This whole logistics angle is, for me, the crux of what makes the design so compelling. Players are forced into cooperation while they are also locked in very direct competition for territory, resources, shipping rights, and development tokens and there is very little to hide your intentions behind. This whole Catan-like resource production and development scheme is supported by an equally intriguing system driving above-the-board, para-mechanical interactions between players. Like in Cosmic, alliances of convenience are always in play virtually every turn and like in Dune, formal alliances (which must be – get this- approved unanimously during the Council phase) change the win conditions but provide significant benefits.
With that said, this is to my mind a four player game, period. Most of the games I’ve played so far have been three players and they’ve been fun and engaging, but the absence of a fourth seat can be felt. Likewise, a two player game is totally possible (described by Olotka as more of a “chess match”) but I feel like it’s just not where the game is at its best because its greatness rests in the interactions and how players leverage those interactions to engage with the mechanisms. Truth be told, I probably wouldn’t ever turn down a two or three player game because I’m just happy to get this great game to the table whenever I can.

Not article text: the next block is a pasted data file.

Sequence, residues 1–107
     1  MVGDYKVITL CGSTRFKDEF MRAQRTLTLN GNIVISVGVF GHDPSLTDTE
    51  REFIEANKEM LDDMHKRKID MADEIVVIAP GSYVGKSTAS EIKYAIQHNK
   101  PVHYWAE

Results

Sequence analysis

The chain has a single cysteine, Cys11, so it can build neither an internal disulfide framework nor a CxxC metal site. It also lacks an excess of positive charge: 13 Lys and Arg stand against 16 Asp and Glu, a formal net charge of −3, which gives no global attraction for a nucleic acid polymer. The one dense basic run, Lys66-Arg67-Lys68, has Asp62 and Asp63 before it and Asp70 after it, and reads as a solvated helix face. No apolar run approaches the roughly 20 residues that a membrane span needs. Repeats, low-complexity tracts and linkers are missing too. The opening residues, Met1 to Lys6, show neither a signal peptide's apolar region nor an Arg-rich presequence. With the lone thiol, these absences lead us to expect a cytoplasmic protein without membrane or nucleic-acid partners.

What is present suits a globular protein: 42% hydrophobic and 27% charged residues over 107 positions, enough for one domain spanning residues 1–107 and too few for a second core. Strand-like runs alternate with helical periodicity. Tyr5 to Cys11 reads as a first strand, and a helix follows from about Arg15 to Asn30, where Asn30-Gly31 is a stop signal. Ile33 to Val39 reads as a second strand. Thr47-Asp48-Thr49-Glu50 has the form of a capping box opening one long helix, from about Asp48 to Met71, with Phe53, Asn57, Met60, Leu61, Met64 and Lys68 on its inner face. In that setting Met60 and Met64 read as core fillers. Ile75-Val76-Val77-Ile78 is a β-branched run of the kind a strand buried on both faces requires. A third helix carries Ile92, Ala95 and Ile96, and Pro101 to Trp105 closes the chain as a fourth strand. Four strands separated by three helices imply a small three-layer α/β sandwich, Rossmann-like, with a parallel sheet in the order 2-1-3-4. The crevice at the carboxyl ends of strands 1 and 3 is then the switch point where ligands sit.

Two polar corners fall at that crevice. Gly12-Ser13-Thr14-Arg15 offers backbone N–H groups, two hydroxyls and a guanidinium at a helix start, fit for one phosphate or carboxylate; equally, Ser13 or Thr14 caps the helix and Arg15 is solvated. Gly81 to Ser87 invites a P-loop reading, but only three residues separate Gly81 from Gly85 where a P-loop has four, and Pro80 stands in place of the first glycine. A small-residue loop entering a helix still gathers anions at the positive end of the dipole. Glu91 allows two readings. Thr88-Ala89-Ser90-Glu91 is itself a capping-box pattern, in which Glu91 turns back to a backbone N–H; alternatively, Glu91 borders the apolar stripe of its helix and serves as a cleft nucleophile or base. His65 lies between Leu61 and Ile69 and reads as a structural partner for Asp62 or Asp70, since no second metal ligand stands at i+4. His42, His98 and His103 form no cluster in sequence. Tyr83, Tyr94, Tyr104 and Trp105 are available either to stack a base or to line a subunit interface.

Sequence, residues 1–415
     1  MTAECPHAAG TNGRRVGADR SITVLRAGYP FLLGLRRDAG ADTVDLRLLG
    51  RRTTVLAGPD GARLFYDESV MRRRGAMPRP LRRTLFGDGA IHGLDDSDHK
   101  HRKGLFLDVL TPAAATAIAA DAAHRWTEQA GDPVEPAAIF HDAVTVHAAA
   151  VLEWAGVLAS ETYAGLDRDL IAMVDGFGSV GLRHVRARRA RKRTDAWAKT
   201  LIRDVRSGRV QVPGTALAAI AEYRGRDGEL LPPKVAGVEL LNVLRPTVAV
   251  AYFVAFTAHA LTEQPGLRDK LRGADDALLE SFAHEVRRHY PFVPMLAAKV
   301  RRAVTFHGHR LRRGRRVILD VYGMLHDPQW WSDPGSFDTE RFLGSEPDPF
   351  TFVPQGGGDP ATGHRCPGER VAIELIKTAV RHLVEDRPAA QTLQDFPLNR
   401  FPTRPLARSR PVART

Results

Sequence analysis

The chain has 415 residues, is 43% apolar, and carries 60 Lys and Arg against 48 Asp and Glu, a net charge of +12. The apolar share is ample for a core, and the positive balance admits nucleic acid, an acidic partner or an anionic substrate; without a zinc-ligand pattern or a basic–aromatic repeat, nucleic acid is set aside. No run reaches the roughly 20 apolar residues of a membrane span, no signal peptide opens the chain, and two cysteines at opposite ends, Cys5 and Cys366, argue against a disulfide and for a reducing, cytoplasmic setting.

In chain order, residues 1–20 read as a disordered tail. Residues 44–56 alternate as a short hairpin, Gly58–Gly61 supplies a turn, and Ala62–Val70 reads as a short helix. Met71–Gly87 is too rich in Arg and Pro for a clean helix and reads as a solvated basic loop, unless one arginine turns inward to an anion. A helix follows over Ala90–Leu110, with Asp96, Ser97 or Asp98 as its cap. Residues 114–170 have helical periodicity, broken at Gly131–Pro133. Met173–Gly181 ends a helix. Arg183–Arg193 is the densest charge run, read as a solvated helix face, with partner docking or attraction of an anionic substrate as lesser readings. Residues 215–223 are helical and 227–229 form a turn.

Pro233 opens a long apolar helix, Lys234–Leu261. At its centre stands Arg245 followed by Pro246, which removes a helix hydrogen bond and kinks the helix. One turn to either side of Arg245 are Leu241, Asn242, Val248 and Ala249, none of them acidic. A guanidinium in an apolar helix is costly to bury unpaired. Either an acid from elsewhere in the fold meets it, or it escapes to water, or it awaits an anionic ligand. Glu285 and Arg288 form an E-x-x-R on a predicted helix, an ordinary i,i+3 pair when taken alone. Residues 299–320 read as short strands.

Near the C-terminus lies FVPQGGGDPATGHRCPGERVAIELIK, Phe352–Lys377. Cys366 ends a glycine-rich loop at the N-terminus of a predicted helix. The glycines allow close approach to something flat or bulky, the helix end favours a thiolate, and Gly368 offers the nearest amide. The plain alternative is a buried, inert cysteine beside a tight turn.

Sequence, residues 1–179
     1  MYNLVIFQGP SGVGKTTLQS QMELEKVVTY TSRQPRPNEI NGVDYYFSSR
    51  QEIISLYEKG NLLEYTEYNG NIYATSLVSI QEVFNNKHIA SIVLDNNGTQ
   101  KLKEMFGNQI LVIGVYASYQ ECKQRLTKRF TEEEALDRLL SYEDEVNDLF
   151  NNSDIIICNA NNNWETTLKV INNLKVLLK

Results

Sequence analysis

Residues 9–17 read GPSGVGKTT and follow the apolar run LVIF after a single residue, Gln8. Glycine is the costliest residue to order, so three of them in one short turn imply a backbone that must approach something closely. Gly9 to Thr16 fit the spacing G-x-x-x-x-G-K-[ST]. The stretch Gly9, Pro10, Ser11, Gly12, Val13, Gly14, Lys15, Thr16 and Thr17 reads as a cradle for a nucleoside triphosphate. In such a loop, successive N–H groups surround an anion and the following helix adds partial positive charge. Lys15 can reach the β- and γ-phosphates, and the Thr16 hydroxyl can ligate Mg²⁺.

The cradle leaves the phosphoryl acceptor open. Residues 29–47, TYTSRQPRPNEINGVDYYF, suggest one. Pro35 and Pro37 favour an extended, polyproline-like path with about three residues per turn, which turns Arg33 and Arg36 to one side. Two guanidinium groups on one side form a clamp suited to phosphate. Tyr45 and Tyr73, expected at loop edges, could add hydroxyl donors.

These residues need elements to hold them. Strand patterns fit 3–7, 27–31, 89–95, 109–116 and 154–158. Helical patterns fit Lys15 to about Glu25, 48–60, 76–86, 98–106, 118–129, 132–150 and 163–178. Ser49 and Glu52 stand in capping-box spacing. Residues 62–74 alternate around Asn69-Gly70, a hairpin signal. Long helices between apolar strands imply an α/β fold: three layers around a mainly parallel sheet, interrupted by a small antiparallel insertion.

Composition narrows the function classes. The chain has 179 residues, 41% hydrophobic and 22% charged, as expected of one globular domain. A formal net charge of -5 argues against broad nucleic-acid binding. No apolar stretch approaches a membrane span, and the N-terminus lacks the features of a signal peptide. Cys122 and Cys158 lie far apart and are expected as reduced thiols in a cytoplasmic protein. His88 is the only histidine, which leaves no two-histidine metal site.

Arrakis: Dawn of the Fremen is a 40-year-old design freshened up for a modern audience with the Dune livery respectfully and vividly applied – it totally feels like a Dune game, and it almost seems like it was always meant to be a game about the Fremen establishing themselves on Arrakis. It is also a very different game than their previous Dune, and it is a much more formalistic and structured game than Cosmic. Yet I do think that it remains the least accessible of this trio, especially for more recent generations of game players who, quite frankly, might not be accustomed to or inclined to play games that are treacherous, stabby, and extremely interactive like it is. But for those that are, this is one of the best reprints in some time, a forgotten classic that has always deserved a higher profile.